Matt Damon could have created a very different kind of press storm by pointing out that if ‘they’ are cutting off actors with the vitality, looks and charisma of Rupert Everett because they think his private life has typecast him, more fool them. No one should have to keep quiet about their personal life – unless they want to – in order to reach the top. Unfortunately it seems Hollywood still remembers the morals clauses of the past, where actors had to promise not to ‘outrage public morals or decency.’ While it is slightly commendable for Matt Damon to hark back to those classic Hollywood days, before the gossip mags took over and we knew more about the goings-on of some inhabitants of La-La Land than we do our own family members, that particular horse has well and truly bolted. Instead, let’s have more quality film-making unafraid to risks with content and in casting. Let’s create more diverse stories showing truer representations of the mixed up, muddled up, shook up world we inhabit (when we’re not off bothering Martians, of course). And let’s celebrate love and the lovers, whichever category they may fall into.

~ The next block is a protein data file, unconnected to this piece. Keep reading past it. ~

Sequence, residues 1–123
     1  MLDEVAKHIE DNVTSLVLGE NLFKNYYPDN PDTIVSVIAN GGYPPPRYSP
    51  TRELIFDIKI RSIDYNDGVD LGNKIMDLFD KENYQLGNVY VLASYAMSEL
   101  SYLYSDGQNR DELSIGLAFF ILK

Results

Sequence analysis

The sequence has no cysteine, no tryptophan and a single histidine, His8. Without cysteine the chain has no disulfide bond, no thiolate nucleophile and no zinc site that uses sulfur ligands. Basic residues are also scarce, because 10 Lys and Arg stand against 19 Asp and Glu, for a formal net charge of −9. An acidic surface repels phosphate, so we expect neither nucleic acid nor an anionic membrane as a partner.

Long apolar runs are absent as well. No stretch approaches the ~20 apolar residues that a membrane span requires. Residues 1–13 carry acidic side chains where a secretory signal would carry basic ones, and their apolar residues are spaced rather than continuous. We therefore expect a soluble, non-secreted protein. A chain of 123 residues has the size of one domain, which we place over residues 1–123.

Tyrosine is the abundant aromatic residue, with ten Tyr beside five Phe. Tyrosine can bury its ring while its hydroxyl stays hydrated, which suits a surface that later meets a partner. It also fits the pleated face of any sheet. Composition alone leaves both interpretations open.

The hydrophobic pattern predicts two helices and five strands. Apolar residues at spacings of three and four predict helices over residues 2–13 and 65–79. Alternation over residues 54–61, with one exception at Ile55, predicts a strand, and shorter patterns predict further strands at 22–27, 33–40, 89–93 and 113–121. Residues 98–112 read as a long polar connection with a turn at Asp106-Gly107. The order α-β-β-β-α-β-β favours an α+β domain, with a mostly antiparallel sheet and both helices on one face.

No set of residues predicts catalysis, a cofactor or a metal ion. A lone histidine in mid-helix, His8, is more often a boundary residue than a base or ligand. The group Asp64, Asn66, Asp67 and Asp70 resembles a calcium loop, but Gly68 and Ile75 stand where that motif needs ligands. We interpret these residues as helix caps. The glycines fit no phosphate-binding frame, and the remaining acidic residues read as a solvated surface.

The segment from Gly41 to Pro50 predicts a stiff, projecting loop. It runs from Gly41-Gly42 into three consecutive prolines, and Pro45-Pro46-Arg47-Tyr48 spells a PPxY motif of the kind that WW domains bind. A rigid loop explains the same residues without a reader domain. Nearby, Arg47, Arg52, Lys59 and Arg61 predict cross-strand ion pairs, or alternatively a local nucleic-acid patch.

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Living in a viral world

Oh Monday, Monday, Monday, I think somebody has been telling you lies. You see it’s not November yet, it’s July. My thoughts on the charcoal grey wet invasion at the beginning of this week, definitely not the stuff that make a summer’s day. On my way to the theatre after work, I kept my sanity by listening to Grace Jones. Her tune ‘Walking in the Rain’ played in my ear as I was trying to manoeuvre along the road, avoiding splash-back by angry car drivers. Ironically, I was going to see the first show in this year’s Shiny New Festival at the home of fringe, the Lantern Theatre, Liverpool. Yet, the only thing shiny so far was the petroleum puddles on the potholed roads.